Neil Willenson never meant to start a camp in his home state of Wisconsin, much less an organization that has served thousands of kids facing formidable life challenges. Willenson was just moved by a story about a boy and his struggles that he read in the paper in 1993.

The boy was 7-year-old Nile Sandeen, also from Wisconsin, who had stirred the media simply by trying to be admitted into kindergarten. Nile had been born with HIV and, especially in the Midwest of the 1990s, ignorance about the virus and social stigma toward children like Sandeen was commonplace. Willenson reached out to Sandeen and his family, and they began what would become a lifelong friendship.

Willenson learned early on that Nile wanted to go to summer camp, just like his friends. However, Willenson realized that, if attending kindergarten had been such a confrontational experience for Sandeen, finding a summer camp would prove nearly impossible. So with help from some industrious friends, he created a summer camp for Sandeen and other children like him. Camp Heartland was born.

It was the summer of 1993, and more than 70 kids attended. Willenson figured the camp would be a one-off. But then the phone started ringing. Parents from around the country wanted to know how to register for the next camp.

For the next several years, Camp Heartland was held at various rented campsites throughout the Midwest. Then in 1996, Camp Heartland purchased a permanent site in Willow River, Minnesota. This year, the group marks 25 years of providing a safe and loving space for children to be themselves, without the threat of stigma or the burden of the many challenges of their everyday lives.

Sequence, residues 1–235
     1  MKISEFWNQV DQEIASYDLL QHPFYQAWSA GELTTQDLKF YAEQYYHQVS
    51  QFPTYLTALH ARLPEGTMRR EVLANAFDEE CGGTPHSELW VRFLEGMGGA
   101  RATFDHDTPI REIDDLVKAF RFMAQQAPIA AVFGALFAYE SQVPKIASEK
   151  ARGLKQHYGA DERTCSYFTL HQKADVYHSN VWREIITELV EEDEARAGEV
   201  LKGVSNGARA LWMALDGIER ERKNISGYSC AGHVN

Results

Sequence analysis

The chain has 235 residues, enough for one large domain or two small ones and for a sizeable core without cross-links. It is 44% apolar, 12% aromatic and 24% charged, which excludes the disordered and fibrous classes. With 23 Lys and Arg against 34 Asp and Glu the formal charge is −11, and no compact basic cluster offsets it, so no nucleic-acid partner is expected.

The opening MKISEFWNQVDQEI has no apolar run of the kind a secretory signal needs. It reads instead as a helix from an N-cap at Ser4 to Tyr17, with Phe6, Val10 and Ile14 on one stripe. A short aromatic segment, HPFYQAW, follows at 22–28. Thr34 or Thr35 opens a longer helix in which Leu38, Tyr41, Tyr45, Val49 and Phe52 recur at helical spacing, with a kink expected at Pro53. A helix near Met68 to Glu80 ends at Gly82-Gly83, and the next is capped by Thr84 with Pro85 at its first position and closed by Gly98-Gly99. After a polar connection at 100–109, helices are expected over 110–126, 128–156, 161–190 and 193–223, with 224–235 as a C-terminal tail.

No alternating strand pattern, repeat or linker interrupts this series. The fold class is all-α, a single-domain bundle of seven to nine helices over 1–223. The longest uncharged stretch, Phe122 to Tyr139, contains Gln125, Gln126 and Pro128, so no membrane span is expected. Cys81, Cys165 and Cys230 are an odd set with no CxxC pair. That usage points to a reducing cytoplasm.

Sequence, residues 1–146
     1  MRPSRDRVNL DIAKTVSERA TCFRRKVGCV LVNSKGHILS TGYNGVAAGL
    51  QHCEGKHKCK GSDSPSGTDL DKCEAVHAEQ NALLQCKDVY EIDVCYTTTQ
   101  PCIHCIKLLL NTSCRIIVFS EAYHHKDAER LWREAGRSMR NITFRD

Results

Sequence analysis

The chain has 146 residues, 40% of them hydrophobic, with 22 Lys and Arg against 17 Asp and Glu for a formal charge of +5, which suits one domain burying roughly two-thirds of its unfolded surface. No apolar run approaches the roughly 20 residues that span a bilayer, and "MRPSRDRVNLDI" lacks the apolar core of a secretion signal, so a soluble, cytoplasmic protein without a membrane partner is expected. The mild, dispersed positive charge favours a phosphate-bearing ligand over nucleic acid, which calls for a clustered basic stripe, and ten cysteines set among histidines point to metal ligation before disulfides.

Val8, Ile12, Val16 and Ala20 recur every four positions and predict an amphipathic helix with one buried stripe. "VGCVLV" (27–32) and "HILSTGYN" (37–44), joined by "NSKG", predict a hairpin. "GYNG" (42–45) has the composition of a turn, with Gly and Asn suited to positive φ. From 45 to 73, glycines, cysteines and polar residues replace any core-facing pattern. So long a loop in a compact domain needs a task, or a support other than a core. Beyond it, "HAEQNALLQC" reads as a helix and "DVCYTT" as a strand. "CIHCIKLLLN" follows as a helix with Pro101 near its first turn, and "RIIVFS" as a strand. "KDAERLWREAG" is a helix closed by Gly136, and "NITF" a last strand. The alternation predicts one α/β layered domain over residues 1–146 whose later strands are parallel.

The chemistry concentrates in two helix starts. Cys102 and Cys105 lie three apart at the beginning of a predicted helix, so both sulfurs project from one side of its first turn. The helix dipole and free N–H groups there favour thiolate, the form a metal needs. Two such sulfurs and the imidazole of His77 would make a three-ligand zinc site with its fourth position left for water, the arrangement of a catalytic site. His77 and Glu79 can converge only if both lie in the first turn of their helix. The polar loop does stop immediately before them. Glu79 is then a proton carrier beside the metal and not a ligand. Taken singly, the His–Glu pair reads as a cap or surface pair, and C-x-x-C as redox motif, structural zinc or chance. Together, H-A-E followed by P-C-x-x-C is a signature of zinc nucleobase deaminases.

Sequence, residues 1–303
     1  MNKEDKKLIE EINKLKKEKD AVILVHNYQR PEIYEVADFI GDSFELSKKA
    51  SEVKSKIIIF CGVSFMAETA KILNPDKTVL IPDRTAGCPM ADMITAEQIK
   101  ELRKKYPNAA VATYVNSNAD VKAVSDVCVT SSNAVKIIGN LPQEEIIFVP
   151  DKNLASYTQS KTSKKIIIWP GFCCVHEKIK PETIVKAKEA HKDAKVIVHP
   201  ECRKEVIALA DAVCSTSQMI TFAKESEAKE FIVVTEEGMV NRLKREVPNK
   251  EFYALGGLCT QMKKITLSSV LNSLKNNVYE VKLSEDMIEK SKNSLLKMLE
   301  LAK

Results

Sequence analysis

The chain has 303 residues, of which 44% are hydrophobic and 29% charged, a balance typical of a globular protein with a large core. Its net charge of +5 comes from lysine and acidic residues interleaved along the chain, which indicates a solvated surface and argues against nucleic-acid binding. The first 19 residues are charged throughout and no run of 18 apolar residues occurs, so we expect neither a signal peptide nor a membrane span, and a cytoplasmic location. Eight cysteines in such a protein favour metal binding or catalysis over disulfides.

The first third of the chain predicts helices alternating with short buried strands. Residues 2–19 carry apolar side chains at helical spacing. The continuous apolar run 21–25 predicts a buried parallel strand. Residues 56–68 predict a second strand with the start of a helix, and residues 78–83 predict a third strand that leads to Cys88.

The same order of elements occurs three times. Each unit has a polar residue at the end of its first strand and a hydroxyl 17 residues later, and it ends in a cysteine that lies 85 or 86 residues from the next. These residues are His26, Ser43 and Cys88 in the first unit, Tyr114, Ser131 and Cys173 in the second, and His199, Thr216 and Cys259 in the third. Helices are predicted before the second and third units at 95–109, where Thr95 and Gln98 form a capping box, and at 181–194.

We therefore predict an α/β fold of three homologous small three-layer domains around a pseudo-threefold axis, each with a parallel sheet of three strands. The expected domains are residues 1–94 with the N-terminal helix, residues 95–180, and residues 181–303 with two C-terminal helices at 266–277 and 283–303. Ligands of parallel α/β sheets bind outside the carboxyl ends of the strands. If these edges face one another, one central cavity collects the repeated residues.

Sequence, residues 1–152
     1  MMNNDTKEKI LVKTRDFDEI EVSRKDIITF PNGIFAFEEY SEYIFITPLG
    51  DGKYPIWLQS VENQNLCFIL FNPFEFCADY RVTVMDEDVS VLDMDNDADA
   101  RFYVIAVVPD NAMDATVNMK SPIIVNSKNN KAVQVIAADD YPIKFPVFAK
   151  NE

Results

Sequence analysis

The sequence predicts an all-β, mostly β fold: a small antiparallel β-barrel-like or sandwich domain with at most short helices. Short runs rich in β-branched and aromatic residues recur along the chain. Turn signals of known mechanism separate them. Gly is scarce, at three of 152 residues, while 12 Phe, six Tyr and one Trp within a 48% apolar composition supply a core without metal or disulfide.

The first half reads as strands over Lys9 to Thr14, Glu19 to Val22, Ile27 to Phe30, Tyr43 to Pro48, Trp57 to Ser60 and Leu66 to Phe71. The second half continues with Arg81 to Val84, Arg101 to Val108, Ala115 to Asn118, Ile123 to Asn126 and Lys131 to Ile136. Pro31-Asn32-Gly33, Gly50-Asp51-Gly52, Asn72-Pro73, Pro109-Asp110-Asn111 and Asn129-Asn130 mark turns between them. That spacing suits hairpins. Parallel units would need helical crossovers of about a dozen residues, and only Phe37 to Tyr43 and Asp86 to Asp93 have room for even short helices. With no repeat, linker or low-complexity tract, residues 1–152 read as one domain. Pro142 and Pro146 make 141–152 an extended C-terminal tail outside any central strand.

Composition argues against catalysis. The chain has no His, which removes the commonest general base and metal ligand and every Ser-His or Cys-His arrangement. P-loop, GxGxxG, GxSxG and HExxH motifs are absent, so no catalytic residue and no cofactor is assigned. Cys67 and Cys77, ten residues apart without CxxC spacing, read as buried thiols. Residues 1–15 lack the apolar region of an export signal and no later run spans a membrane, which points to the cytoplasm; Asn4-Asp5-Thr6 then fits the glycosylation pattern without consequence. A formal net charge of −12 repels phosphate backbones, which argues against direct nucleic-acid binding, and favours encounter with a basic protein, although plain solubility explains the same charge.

Patrick Kindler was immediately drawn to Camp Heartland’s unique mission. He became its executive director in 2011 after serving on staff for several years. “I didn’t know about the organization until I saw the job posting,” Kindler says, “and then I read a book about the camp and the experiences of the children called The Journey of Hope. As soon as I read that book and the stories of the kids, I wanted the job immediately.”

Fortunately for Kindler, explaining Camp Heartland’s simple mission is a fairly easy sell, despite the constant challenge of fundraising. “Everyone is interested because we are talking about kids here,” Kindler says. “Our donor base runs the gamut, from billionaires to people who don’t make a lot of money but save their pennies so they can donate. We have students who send in two dollars or five dollars.”

The organization takes every dollar to heart. “We focus on people who are isolated or living at the poverty level,” Kindler explains. It’s not hard to imagine what a life-changing experience two weeks away in a nurturing, rustic environment might be for the children who attend.

During its 25 years, the camp has changed in ways that reflect epidemiological, medical and even political shifts in the HIV landscape.

For example, Camp Heartland originally focused on very young children, says Kindler, and then, as mother-to-child HIV transmissions plummeted as a result of treatment advances, the camp raised the upper age limit for eligible kids. The need for a space for the very young dropped while the kids they were serving were aging out of the program. “As our kids got older,” said Kindler, “we expanded the ages to 16- to 21-year-olds.”